On the 6th of July I was one of a group of four library assistants who paid a visit to Lambeth Palace Library. For a long time I had wanted to visit the library and now I was lucky enough to have the opportunity. We assembled outside the gate in the old palace wall; a spot which offers a view over the river and Westminster on the other side. Upon ringing the doorbell an archive assistant let us in and we were taken first into a little kitchen area, then through a court yard and finally into the main part of the building. The current library trainee, John Boneham took us into the Reading Room. This room serves users of the archives and manuscripts collections as well as the book collections. John is mainly responsible for fetching books from locked shelves, opening the door and copying service. He showed us upstairs to the strong room where we had the privilege of seeing the Bible used for Queen Elisabeth’s wedding ceremony.
Speaking of Bibles, we were allowed into the exhibition hall for free and learn how the King James translation of the Bible came into being, with many old monumental Bibles on display. But before this, John took us up into one of the two towers of the palace which are used as library stores. Three flights of spiral stairs up we came upon an impressive meeting room lined with bookshelves and a round table in the middle. The library and the towers are the oldest part of Lambeth Palace and I think the foundations are from the 14th century but I cannot remember for sure. It was also in the tower that we visited the two conservators of the library and archives in a room overlooking Westminster. The two ladies were working on cleaning parchment. This visit has been very interesting and as you can see I even remember most details more than a month later!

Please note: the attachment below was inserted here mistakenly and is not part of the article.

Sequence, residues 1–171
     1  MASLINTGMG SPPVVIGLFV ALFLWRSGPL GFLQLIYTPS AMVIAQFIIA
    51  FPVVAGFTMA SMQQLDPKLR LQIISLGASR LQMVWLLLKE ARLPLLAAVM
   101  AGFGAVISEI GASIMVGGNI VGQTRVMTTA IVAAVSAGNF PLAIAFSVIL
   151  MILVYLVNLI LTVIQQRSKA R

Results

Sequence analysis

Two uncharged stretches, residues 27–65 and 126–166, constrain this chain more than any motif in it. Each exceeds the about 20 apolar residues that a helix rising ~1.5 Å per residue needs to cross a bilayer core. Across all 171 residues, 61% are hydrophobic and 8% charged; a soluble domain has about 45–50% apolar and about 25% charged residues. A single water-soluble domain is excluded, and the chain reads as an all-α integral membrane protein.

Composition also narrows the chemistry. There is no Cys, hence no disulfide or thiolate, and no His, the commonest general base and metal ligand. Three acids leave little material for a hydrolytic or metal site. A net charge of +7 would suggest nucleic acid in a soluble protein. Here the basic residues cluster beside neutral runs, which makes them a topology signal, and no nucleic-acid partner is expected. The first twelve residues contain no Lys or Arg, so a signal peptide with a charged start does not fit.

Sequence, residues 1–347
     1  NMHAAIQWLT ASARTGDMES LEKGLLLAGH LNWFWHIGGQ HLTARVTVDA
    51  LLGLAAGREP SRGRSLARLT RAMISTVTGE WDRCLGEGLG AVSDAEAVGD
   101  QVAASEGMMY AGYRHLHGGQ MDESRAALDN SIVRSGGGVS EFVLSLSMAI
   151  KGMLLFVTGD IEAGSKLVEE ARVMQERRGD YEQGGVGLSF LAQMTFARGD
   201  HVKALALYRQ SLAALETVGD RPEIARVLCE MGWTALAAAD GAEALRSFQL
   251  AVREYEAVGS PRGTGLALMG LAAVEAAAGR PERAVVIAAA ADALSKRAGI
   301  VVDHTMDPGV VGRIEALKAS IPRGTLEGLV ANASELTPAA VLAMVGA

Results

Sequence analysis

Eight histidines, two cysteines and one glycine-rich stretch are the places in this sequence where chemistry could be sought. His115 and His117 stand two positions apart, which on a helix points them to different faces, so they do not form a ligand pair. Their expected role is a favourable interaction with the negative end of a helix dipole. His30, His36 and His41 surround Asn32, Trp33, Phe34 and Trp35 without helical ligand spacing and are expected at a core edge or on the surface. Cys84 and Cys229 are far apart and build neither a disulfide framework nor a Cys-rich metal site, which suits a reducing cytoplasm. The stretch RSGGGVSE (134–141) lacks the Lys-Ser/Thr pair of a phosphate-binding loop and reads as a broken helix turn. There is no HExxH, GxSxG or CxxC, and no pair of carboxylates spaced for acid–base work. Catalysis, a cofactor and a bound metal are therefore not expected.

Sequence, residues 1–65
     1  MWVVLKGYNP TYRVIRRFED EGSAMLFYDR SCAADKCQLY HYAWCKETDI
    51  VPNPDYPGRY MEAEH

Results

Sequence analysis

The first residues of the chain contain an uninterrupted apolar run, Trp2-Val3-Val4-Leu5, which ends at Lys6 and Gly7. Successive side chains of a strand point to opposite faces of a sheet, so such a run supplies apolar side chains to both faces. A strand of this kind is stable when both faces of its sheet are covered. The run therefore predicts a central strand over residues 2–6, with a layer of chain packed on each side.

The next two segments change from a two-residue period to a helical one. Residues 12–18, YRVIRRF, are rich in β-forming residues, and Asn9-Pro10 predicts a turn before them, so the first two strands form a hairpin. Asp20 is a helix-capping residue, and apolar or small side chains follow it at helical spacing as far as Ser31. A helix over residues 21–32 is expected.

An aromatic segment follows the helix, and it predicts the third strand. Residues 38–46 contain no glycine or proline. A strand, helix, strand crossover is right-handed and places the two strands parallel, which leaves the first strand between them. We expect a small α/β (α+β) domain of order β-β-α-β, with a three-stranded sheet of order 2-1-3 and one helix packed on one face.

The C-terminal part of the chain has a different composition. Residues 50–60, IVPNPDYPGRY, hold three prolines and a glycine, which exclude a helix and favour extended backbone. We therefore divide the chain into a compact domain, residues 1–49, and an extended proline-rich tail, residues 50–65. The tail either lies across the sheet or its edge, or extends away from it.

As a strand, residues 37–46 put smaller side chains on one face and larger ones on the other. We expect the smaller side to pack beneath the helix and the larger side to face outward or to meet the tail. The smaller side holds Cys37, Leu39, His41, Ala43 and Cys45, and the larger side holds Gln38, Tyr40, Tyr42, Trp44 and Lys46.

Geri Van Essen
Institute of Historical Research